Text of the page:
Clay Electric Cooperative is lowering the cost of power for its members in April with a one-time decrease of 25 percent, or an average of $30 in savings. This means members using the industry household average of 1,000 kWh of power will pay $84.77. March’s cost was $112.90. This savings will assist those in our communities who are experiencing financial hardship due to the COVID-19 pandemic.
The cooperative is able to lower the cost of power due to the decreasing price of natural gas, which Seminole Electric Cooperative (Clay’s wholesale power provider) uses to generate a sizable portion of the wholesale electricity it provides Clay and eight other distribution cooperatives in Florida.
“Our lower power cost comes as a result of our power supplier continuing to purchase fuel at the lowest possible price,” said General Manager/CEO Ricky Davis. “We normally would pass on the savings to members throughout the year, but understanding the hardships many are facing because of the COVID-19 pandemic, we are doing what we can now to help members.”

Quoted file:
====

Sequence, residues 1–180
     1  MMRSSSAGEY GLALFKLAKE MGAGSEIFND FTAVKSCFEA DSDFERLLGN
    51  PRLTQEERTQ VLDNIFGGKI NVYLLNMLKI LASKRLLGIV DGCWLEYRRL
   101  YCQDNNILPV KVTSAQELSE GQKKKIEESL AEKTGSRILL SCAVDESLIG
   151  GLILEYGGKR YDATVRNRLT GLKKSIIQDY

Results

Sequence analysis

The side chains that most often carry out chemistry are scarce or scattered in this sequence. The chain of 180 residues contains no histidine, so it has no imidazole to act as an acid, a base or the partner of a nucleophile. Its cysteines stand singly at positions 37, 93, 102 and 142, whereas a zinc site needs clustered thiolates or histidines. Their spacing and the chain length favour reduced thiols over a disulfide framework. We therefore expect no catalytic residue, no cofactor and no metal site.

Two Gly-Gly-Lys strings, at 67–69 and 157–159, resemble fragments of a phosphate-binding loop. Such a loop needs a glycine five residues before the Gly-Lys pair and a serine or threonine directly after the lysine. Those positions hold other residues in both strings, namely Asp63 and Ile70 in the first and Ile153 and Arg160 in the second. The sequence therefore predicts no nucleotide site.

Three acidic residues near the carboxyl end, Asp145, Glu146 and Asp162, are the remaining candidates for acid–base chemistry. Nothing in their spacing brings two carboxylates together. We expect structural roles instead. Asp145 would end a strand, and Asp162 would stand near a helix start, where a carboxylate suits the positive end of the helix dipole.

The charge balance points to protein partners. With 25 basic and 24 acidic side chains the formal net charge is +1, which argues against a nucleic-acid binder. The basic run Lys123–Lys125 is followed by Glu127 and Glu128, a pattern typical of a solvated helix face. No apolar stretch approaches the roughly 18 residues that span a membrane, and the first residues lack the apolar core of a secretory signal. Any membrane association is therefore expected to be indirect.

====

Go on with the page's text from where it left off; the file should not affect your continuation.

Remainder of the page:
The lower cost of power will be reflected in a lower Power Cost Adjustment (PCA) on members’ power bills processed beginning on April 9 through May 8. Members will see a credit in the PCA portion of the bill and the credit will vary based on how much electricity is used.
The savings will mark the second time this year Clay Electric members have had a lower power bill. In March, Clay Electric members were refunded $12 million in Capital Credits and entitled members saw a credit on their bill.
Capital Credits are a reflection of the fact that Clay Electric is a not-for-profit cooperative. This means that any margins left over at the end of the year after all expenses are paid is set aside in each member’s name to be refunded at a later date as Capital Credits. That’s a unique benefit of being served by a member-owned cooperative.